If the projectile is spinning too slowly, then it is said to be underspun. In this type of situation the aerodynamic forces overpower the spin and the projectile wobbles and rotates violently, just like a top when it has run out of spin when set on your floor.
In fact, if you can, get a small top or gyroscope and spin it up on your floor or countertop and see what happens. In this case, the force of gravity acts in the same way that the aerodynamic forces act on a projectile. You will see the nose, i.e., the top of the top, first remain steady, then slowly start to precess in a circle as gravity takes the upper hand, i.e., as the spin rate decreases due to friction. The top begins by being overspun, and then, as friction dampens the spin, moves to being underspun. The big precessional circle tends to get a bit jerky in its motion, with little circles superimposed upon the bigger one. The little circles are the nutation.
Basically, curvature of trajectory means that gyroscopically stabilized projectile is always slightly nose up. Air pressure on bottom of nose causes nose to precess to the right (causing drift). Air pressure on the side of the nose causes the nose to precess downward, so if everything is balanced properly, the projectile ends up following the trajectory nose-first. It's the air that does it, all right. Problems occur when there is not enough air around to cause the nose to tip down rapidly enough, either because the spin is too great, the projectile velocity is too small, the altitude is so high that air density is too low or the trajectory is so steeply curved (e.g., as in mortar fire) that the bullet simply doesn't have time to turn around properly. That's why one doesn't spin mortar rounds, so fins are used to move the center of pressure back, and spin -- which then becomes superfluous, is abandoned.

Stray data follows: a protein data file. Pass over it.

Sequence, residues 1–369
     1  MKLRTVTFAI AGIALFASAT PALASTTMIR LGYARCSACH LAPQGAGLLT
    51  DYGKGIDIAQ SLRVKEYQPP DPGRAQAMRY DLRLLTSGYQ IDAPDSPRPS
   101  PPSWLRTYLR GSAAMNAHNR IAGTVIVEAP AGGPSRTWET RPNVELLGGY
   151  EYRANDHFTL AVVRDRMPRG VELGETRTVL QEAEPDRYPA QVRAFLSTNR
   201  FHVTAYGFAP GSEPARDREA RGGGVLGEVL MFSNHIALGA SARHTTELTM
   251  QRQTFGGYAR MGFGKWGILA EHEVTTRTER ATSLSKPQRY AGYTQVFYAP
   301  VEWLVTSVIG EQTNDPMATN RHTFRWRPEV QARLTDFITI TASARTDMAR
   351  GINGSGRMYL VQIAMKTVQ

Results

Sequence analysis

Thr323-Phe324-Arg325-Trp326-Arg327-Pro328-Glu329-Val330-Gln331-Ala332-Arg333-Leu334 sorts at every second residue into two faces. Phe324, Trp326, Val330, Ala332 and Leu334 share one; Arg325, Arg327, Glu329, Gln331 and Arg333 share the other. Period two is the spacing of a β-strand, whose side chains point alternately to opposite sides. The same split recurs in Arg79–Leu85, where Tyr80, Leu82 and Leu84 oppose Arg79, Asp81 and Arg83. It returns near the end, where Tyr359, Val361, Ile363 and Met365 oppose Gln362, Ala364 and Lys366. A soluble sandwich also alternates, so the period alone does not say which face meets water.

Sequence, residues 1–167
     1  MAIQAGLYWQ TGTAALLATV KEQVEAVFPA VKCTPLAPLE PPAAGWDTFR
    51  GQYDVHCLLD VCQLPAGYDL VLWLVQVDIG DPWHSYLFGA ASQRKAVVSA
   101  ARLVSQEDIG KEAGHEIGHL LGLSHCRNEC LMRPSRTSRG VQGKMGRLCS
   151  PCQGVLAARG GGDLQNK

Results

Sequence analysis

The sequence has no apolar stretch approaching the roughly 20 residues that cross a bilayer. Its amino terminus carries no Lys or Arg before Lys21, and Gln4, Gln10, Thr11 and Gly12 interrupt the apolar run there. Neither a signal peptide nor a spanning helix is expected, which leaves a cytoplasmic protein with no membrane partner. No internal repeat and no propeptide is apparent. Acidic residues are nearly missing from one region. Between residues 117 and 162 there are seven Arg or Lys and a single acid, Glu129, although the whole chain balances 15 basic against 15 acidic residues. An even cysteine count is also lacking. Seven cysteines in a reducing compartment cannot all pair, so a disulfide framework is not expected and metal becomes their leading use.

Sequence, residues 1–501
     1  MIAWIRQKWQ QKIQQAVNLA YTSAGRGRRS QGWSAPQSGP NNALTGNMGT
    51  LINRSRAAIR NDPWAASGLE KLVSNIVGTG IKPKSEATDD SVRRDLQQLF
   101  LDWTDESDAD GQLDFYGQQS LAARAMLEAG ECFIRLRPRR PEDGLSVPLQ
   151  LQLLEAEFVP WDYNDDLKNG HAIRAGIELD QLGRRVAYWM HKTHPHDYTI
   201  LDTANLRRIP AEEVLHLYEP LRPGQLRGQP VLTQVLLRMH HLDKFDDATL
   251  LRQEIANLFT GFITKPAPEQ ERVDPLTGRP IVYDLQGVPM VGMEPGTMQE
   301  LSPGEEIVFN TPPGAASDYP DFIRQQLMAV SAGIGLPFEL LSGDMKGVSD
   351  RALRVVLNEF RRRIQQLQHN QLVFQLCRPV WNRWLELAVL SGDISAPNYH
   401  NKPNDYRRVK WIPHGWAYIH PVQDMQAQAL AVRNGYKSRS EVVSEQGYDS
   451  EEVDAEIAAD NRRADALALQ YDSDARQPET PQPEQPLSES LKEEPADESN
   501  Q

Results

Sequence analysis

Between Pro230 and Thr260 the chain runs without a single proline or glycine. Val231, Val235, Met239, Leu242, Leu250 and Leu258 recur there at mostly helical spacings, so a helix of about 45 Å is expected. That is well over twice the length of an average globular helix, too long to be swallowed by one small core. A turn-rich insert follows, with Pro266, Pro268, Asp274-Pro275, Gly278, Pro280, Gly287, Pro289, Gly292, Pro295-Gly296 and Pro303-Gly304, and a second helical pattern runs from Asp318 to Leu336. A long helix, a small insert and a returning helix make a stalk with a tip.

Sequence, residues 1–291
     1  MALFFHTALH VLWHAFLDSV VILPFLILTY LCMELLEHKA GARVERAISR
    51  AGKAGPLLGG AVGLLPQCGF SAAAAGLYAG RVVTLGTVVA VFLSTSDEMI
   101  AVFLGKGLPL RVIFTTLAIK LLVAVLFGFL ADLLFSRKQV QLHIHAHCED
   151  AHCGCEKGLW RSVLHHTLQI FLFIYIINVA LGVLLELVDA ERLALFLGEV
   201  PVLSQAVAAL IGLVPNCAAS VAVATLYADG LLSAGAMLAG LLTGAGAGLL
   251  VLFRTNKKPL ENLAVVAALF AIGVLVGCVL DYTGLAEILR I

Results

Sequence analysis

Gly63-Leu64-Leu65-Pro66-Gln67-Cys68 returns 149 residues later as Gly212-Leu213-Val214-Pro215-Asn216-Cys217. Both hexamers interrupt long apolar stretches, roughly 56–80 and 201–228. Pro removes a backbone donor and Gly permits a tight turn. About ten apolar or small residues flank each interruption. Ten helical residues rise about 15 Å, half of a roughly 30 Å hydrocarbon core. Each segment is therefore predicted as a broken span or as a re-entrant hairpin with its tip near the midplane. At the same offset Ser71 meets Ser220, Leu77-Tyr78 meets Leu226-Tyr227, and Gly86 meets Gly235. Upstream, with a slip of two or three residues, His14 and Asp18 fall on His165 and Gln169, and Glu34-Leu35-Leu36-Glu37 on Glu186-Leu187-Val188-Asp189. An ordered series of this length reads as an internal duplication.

It's hard to find written sources that describe these phenomena in "regular"
libraries, though if you have access to a large university engineering
library, you will likely be able to find out at least a little bit more
about this. "Classic" work, if you can find it -- and make your way through
the rather ponderous math -- is Fowler's "The Aerodynamics of a Spinning
Shell," Philosophical Transactions of the Royal Society (London) (A) Vol
221 pp. 295-387, printed in 1920 or so.